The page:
The current study of long-term HCT survivors demonstrates that the prevalence of any chronic health condition is high: 66.4% have at least one chronic health condition, 18.3% have a severe or life-threatening condition, more than one-half have 2 or more conditions, and more than one-third have 3 or more conditions. The prevalence of at least one chronic health condition reported by survivors of childhood cancer participating in the Childhood Cancer Survivor Study (CCSS) was 62.3%, rates that are comparable with those reported in the current study.17 However, the prevalence of severe or life-threatening conditions reported by the childhood cancer survivors (27.5%) was higher than those that described in the current study. The cumulative incidence of severe or life-threatening chronic health conditions or death from a chronic condition (grades 3-5) exceeds 35% at 10 years from HCT in the current study and was 42% at 30 years from primary cancer diagnosis in the CCSS cohort. Thus, although the magnitude of risk of chronic health conditions in the current study is similar to CCSS, the curve is shifted to the left in the current study, possibly reflecting the older age of the patient population, the high intensity of therapeutic exposures used for conditioning in patients undergoing HCT coupled with exposure to various intensities of pre-HCT chemotherapy and radiation, and the occurrence of chronic GVHD. Unlike the CCSS, the current study did not include hypogonadism as a chronic health condition (a condition rated as grade 3 by CCSS). Inclusion of hypogonadism would have resulted in a much higher prevalence of chronic health conditions in the current study because of the high prevalence of hypogonadism (> 90%) among HCT survivors.23
The increment in cumulative incidence for any chronic health conditions among HCT recipients is 12% from 5 years to 10 years, whereas that for severe/life-threatening conditions or deaths from chronic health conditions is very similar, 11%. Similarly, identical increments are observed in the cumulative incidence of chronic health conditions among allogeneic and autologous HCT recipients from 10 years to 15 years after HCT. This is evident visually from the cumulative incidence curves that show that the curves are parallel. These observations suggest that the major differences in the cumulative incidence rates for patients with grade 1 or 2 conditions versus grades 3-5 conditions, or between allogeneic HCT recipients and autologous HCT recipients, are established in the first 2 years and that the rate of occurrence of chronic health conditions is similar over time, with no evidence of a plateau through the period of follow-up available for the current study. Thus, attention needs to focus on events occurring in the first 2 years that allowed the establishment of these differences in chronic health conditions, as well as long-term follow-up of the HCT survivors to institute surveillance for early detection of these adverse outcomes.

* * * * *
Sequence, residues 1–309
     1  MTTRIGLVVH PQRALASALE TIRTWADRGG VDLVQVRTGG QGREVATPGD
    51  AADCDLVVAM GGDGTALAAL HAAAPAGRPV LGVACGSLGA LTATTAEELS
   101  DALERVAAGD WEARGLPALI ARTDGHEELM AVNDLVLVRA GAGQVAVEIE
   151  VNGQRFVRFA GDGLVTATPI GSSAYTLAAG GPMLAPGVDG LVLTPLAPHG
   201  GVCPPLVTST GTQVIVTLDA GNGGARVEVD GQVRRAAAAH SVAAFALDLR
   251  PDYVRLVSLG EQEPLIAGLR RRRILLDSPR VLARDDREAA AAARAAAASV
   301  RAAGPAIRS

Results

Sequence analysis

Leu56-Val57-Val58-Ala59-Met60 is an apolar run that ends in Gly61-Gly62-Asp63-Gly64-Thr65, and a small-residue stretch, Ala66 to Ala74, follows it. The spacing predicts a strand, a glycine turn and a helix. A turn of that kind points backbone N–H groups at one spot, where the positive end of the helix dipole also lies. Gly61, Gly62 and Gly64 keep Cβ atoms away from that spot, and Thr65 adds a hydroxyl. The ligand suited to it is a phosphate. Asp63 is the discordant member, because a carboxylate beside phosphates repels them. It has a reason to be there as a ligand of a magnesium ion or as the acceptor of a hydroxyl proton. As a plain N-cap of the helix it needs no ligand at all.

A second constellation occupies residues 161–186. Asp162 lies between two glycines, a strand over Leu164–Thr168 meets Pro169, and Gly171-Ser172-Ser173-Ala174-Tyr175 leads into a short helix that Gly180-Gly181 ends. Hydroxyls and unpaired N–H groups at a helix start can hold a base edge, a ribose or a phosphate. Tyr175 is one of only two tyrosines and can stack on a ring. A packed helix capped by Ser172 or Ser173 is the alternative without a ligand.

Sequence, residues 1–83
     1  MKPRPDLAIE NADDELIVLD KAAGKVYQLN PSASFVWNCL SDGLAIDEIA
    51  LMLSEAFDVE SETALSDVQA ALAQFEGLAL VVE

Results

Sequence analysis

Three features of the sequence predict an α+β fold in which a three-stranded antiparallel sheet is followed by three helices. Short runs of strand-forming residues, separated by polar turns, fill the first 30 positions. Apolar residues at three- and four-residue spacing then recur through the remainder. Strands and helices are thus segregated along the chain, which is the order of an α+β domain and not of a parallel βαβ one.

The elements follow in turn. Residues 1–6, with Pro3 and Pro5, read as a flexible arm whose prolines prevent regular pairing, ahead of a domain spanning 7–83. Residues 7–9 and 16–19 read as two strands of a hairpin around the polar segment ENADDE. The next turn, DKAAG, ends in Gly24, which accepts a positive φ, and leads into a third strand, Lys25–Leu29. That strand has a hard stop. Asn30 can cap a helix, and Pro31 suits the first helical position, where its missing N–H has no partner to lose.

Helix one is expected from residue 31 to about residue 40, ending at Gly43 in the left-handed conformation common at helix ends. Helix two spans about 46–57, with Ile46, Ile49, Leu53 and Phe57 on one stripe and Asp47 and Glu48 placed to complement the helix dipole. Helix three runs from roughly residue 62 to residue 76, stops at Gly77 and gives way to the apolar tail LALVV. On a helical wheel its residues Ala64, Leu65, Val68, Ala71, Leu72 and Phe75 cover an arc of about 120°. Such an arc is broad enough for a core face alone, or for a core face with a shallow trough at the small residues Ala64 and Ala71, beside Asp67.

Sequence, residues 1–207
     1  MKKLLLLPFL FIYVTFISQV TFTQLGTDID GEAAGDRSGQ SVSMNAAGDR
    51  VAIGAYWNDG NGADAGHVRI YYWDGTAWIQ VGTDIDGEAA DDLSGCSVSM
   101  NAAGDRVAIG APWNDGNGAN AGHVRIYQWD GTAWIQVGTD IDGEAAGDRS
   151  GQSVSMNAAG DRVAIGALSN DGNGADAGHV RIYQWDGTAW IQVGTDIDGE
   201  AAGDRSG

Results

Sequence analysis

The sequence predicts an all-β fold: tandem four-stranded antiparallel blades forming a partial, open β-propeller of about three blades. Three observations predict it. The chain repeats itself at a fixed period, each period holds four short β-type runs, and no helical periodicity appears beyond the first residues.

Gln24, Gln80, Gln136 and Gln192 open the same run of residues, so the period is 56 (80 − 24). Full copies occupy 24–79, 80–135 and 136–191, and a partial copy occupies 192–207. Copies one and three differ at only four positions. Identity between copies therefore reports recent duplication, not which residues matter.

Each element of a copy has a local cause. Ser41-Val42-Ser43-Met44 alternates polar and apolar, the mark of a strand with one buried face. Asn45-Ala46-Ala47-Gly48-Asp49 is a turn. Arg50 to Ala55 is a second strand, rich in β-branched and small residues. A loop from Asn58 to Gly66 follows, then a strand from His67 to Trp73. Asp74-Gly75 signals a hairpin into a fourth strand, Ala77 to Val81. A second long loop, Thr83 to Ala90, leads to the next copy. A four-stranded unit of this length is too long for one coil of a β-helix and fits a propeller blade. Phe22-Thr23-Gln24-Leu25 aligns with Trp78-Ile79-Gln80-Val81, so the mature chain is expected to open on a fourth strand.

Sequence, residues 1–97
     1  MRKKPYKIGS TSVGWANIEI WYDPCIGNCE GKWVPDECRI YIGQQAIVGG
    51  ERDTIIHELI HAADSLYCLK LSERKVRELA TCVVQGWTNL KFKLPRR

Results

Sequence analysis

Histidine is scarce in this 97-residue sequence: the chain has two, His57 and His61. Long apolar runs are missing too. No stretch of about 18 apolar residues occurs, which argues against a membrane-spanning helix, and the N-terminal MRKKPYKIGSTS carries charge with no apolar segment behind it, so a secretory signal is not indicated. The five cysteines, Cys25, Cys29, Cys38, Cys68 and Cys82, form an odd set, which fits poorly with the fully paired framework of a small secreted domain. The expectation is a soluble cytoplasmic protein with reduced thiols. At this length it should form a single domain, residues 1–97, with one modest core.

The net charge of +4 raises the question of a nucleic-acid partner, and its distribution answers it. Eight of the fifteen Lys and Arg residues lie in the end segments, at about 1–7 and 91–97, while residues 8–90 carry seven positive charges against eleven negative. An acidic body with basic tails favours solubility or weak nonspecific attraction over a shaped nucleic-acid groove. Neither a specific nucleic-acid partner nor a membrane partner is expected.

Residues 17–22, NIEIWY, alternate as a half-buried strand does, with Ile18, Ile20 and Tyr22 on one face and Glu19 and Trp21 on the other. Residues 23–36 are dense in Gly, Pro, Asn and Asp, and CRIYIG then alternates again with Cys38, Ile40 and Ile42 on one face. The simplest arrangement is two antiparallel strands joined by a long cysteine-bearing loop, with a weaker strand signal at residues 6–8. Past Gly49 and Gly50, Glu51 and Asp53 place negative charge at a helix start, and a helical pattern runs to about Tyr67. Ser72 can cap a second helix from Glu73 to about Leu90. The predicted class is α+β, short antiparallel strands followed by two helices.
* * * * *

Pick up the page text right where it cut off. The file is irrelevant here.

Overall, HCT survivors were 3.5 times more likely to develop a severe or life-threatening health condition compared with the siblings. Among these severe or life-threatening conditions, the risk was particularly increased for gastrointestinal symptoms (4.3 times as likely as among siblings) and musculoskeletal problems (5 times as likely). These results quantify the burden of morbidity borne by HCT survivors and identify those at risk, emphasizing the need for close monitoring of these vulnerable populations.